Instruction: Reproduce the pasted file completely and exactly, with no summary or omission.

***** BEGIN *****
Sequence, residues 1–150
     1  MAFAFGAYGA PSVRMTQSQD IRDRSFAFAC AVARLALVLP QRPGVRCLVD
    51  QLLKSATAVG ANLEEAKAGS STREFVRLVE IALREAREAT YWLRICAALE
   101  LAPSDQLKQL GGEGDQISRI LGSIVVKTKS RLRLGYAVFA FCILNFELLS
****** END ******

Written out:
Sequence, residues 1–150
     1  MAFAFGAYGA PSVRMTQSQD IRDRSFAFAC AVARLALVLP QRPGVRCLVD
    51  QLLKSATAVG ANLEEAKAGS STREFVRLVE IALREAREAT YWLRICAALE
   101  LAPSDQLKQL GGEGDQISRI LGSIVVKTKS RLRLGYAVFA FCILNFELLS